The Sweetest Poison
When it comes to identifying the most common poison that we willingly use against ourselves, an amazing feat resulting in millions of deaths worldwide every year, there really is no contest. The perpetrator is as unlikely a candidate as any you might wish to name, and its unmasking is probably all the more horrifying because this substance has burrowed its way into our civilisation like a parasite, draped in the false colours of comfort and familiarity. It’s whiter than heroin, sweeter than your fiancée, more soluble than the National Debt, and more pernicious than nicotine because, like a true demon, this little beauty comes in a million disguises and always dresses like a friend.
Dr William Coda Martin was the first publicly to label sucrose a poison. Martin’s definition came about after he determined the classical definition of a poison was “…any substance applied to the body, which causes or may cause disease.€. Refined sugar, or sucrose, is manufactured from cane and beet extract, which has had its proteins, vitamins and minerals removed to leave a white, crystalline substance devoid of any nutritional content, only offering empty calories.
Sugars contained in natural, whole foods are easily metabolised by the body. Nature has ensured that fructose, for instance, obtained when we consume fruits, has the necessary vitamins and minerals accompanying it to allow this type of simple monosaccharide sugar to be converted efficiently into glucose (blood sugar) and fully metabolised by our bodies for energy. Vitamins and minerals, which accompany fructose, are essential for these complete assimilation and conversion processes to occur. Sucrose on the other hand, cannot metabolise completely in our bodies, resulting in the formation of toxic metabolites such as pyruvic acid and abnormal, unstable sugars containing five carbon atoms.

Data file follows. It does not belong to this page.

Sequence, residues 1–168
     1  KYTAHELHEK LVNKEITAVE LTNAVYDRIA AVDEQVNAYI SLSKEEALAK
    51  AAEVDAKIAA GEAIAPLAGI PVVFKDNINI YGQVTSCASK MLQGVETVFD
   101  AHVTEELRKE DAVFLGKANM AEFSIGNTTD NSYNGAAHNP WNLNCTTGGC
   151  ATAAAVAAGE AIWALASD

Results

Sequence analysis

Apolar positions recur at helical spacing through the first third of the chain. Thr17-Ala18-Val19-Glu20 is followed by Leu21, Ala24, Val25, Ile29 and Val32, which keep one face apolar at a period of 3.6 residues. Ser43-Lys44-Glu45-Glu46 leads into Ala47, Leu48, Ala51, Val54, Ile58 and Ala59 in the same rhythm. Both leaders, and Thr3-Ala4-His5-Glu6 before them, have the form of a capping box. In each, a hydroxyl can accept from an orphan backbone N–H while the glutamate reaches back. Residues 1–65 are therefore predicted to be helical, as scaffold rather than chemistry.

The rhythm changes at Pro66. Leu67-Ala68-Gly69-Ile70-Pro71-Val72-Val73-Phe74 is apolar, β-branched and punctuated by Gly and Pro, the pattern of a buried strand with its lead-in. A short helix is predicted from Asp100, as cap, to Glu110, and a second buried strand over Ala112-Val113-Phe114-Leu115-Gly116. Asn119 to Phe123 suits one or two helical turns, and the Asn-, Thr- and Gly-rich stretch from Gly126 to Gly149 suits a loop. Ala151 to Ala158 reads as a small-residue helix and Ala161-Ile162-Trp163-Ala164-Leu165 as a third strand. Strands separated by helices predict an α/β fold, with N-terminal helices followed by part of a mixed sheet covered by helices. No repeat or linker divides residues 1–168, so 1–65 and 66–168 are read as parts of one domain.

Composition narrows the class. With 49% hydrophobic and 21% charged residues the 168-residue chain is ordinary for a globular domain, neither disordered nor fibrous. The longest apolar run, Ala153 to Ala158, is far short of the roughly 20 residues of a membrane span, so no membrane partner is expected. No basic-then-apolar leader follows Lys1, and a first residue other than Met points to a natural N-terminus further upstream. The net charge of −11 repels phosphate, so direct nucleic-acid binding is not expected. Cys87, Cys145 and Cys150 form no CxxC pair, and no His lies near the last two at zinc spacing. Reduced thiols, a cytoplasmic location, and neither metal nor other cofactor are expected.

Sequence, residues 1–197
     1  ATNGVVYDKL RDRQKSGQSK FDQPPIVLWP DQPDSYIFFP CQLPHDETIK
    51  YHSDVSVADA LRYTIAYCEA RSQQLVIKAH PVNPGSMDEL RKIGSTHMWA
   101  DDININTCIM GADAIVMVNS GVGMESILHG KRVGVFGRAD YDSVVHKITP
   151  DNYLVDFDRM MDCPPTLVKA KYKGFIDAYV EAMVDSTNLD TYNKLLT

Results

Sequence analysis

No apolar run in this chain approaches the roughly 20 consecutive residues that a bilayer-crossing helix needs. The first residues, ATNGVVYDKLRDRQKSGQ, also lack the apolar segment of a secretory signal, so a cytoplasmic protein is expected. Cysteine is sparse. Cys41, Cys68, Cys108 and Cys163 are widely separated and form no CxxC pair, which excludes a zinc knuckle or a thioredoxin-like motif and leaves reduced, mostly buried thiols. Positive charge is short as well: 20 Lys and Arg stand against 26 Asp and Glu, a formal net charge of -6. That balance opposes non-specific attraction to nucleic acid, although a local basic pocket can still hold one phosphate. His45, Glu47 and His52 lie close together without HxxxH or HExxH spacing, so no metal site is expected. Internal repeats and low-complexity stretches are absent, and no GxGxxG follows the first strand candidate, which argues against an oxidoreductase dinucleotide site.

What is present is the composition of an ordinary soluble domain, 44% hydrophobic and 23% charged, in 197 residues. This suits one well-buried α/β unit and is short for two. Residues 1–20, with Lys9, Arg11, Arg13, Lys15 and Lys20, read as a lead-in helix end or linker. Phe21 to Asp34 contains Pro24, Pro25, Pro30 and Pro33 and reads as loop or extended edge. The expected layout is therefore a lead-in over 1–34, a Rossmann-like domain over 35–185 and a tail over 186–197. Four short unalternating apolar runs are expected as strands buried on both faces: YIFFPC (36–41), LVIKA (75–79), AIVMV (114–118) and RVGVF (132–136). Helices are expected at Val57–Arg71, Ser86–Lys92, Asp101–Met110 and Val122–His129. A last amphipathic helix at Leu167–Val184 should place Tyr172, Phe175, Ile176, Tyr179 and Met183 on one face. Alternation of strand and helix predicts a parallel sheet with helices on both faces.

These toxic by-products interfere with the respiration of cells, preventing the latter from acquiring sufficient oxygen to function correctly. These poisonous metabolites, in their free-radical or oxidation format, are constantly seeking to stabilise themselves by robbing our healthy cells of their available oxygen. This in turn degrades the cell and the cell dies.
Extract from a report by Phillip Day as featured in Food Matters